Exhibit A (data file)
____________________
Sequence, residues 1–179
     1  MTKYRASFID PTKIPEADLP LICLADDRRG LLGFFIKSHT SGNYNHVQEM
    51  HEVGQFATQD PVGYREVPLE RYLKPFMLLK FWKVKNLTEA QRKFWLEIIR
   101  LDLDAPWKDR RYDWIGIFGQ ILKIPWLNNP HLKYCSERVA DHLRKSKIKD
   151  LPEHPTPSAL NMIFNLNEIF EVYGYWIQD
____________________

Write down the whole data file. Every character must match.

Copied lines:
Sequence, residues 1–179
     1  MTKYRASFID PTKIPEADLP LICLADDRRG LLGFFIKSHT SGNYNHVQEM
    51  HEVGQFATQD PVGYREVPLE RYLKPFMLLK FWKVKNLTEA QRKFWLEIIR
   101  LDLDAPWKDR RYDWIGIFGQ ILKIPWLNNP HLKYCSERVA DHLRKSKIKD
   151  LPEHPTPSAL NMIFNLNEIF EVYGYWIQD